Top 7 Most Unique National Parks

Top 7 Most Unique National Parks
Looking for vacation ideas or summer travel plans? Don't worry, we've got your back! Get outdoors this year and turn your off time into an adventure you'll never forget! Here's a breakdown of some of the most unique national parks in the United States. You're welcome.

interesting national parks facts

7. Yosemite National Park


Best known for its magnificent waterfalls, Yosemite National Park is a shrine for beauty, including deep, rolling valleys, granite and glaciers, and so much more! This vast wilderness is home to grand meadows and vast, ancient sequoias where 7 present-day tribes place their history and roots.

Yosemite National Park waterfalls 

Yosemite offers an incredible variety of things to do including national park norms like biking, hiking, fishing, etc. as well as things unique to the park itself! Try water or winter sports depending on what time of year you’re visiting! There is also extensive bird watching and rock climbing like no other. Learn more about this classic attraction here and remember to get outdoors!

Yosemite National Park River 

6. Arches National Park


Arches National Park is a unique dreamlike setting that is a sunset colored sea of mystical sandstone arches; true to its name in every way. These sand deposit left over from ancient, evaporated salt seas create a picture perfect dream setting. Camp under the darkest of desert night skies or discover amazing views of shapes and sizes on 20 miles worth of winding trails that will challenge even the most experienced of hikers. Take a peak at more details of this wonderland here.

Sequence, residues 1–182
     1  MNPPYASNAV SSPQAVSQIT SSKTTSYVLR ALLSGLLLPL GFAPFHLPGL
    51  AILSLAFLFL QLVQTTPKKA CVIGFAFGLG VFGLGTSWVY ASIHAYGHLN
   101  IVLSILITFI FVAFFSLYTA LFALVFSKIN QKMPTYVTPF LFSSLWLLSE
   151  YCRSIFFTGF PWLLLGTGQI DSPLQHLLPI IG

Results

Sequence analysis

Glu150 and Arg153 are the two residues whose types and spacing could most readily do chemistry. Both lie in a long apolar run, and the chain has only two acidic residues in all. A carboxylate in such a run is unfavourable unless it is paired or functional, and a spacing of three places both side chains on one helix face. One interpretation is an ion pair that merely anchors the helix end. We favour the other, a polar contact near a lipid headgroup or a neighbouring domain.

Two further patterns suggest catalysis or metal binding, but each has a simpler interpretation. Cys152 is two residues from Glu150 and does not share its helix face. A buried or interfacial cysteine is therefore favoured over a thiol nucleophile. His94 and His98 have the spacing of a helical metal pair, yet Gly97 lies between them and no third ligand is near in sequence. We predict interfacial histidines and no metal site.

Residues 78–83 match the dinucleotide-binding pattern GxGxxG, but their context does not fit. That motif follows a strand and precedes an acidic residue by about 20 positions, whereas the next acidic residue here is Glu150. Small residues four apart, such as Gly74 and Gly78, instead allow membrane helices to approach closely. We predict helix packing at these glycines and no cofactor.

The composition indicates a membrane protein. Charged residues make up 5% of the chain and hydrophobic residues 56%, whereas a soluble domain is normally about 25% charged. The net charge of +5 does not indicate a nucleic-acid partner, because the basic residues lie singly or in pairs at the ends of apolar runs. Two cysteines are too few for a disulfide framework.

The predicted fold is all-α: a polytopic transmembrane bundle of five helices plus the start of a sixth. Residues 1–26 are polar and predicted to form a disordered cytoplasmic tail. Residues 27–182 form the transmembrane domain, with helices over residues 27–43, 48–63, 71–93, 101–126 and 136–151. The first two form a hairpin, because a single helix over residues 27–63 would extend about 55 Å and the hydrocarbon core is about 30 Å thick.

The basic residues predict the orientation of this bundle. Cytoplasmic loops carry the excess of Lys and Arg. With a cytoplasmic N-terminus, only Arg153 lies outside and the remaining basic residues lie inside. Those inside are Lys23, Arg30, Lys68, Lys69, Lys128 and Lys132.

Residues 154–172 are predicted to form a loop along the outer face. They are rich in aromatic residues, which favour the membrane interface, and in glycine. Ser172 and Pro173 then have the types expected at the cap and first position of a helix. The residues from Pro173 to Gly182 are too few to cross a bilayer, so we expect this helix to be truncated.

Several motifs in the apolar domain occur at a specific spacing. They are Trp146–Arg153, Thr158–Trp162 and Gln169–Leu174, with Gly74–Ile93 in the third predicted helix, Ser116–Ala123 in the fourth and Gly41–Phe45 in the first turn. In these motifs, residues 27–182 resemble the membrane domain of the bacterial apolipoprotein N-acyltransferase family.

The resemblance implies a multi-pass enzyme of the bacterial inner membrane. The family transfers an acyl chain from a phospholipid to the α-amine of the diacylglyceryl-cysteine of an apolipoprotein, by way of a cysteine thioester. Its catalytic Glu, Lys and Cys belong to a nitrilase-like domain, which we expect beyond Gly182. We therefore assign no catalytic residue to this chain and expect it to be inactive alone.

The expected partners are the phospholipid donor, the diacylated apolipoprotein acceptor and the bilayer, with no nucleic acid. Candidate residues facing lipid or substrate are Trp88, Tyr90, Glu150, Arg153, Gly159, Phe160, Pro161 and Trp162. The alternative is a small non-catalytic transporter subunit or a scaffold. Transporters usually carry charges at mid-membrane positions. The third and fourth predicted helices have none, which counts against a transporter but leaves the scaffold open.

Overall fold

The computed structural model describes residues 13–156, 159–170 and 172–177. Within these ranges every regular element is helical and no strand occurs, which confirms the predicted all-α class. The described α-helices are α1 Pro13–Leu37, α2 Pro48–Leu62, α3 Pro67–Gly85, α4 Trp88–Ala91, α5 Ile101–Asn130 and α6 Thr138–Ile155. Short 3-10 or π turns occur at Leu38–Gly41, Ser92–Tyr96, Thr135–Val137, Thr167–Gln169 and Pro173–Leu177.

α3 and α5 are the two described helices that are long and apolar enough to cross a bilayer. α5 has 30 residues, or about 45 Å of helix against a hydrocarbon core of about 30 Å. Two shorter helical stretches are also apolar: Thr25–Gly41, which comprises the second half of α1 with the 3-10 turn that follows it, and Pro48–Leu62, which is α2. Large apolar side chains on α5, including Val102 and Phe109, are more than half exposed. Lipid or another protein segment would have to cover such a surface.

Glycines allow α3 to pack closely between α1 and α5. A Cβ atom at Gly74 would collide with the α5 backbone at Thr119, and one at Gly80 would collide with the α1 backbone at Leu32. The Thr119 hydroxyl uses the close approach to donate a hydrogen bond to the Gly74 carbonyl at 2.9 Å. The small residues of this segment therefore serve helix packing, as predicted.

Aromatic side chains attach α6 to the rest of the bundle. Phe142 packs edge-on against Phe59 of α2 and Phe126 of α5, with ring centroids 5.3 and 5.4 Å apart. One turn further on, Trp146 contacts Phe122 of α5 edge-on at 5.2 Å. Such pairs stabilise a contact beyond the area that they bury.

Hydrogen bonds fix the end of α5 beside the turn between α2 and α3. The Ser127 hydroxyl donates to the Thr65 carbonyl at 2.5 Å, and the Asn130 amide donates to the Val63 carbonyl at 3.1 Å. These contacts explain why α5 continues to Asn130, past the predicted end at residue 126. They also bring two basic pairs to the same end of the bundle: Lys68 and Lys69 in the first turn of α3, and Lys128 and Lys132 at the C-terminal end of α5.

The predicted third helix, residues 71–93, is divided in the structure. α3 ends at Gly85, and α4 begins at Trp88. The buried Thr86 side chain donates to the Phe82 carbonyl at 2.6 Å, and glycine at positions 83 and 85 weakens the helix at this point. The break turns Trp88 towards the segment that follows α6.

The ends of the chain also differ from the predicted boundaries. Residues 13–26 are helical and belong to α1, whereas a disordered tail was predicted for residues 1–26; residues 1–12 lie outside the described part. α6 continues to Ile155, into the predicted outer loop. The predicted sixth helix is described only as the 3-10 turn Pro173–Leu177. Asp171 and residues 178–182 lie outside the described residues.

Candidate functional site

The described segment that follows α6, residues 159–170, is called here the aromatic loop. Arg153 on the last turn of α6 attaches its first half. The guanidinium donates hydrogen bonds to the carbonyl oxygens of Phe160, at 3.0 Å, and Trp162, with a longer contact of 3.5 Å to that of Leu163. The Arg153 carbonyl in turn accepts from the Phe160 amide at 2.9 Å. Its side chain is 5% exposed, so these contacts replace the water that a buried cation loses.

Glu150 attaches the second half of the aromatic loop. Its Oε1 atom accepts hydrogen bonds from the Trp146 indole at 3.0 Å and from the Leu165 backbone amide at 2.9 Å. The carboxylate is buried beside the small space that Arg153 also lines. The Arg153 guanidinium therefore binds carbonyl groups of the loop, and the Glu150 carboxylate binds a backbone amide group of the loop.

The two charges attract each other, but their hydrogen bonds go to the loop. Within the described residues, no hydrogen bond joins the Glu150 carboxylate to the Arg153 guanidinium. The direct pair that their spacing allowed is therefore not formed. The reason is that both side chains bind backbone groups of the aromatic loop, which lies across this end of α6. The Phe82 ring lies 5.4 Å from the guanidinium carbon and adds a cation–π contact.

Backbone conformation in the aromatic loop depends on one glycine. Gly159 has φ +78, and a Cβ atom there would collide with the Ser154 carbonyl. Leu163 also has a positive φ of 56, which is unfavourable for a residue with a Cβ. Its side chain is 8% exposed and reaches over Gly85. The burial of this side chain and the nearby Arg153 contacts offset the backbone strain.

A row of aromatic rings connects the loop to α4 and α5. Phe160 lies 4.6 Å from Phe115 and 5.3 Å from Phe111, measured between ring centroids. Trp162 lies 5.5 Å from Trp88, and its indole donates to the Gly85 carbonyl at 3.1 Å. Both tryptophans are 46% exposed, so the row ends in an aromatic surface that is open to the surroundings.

Arches National Park Utah

There is nothing else like these incredible statues that paint the Utah desert red with cool shapes and sizes; they are truly unlike anything you've ever seen before!

 Arches National Park Utah Reds


5. St. Croix Island International Historic Site


Take a short ride from Acadia National Park along Maine’s coastal route one down east to a small site that carries a big history. Before Jamestown AND Plymouth Rock, this area of St. Croix Island housed a new French presence, a colony that like many others, almost didn’t make it. Sharing a border with Canada, this small and sacred island is nestled in the middle of the St. Croix River. So pack a lunch & grab your binoculars for a hike through history! This fragile reveal of the past is must-see.

4.  Katmai National Park and Preserve


Katmai National Park and Preserve Lake 

This valley, created by the largest volcanic eruption of the 21st century, sits on the Alaska’s northern peninsula where brown bears quite literally out number people. A place where salmon are pink and plentiful, fishing with one of nature’s fiercest predators isn’t out of the question.

Katmai National Park and Preserve Bears Looking for trout 

Katmai is unlike any other national park and although this remote spot is difficult to get to, seeing as you must travel almost exclusively by boat or plane, it is definitely worth it for some of the best opportunities the natural world has to offer! Take a 45- minute Culture Walk with a native ranger, fish for rainbow trout over 30 inches in length, or if danger is more your style, you’re welcome to try bear wrestling… but our money’s on the bear! Visit the website for more details on the adventure of a lifetime… or watch a live stream of Brooks Fall’s bear cam here and watch the bears in their natural habitat.

3. Bighorn Canyon National Recreation Area

Montana, Wyoming

If you’ve never heard of Bighorn Canyon, you’re missin’ out! This national gem is cliff-encased lake just waiting to be discovered! Named after the bighorn sheep that make it their home, this can’t-beat sensation entertains a 71-mile long lake, huge mountains with 1,000 to 2,500 foot cliffs, Peregrine falcons, wild horses, and so much more (if that’s possible)!

Bighorn Canyon National Recreation Area Bighorn sheep 

The amazing waters and stories of those who have explored and settled on Bighorn River is what drives people to visit this creation of Yellowtail Dam. The ranches, fourteen different hiking trails, and over all archaeology of Bighorn Canyon is an inspiring awe just waiting to soak you in wonders! If you don’t believe us, check it out for yourself on their website.

Bighorn Canyon National Recreation Area 

 2. Chaco Culture National Historic Park

New Mexico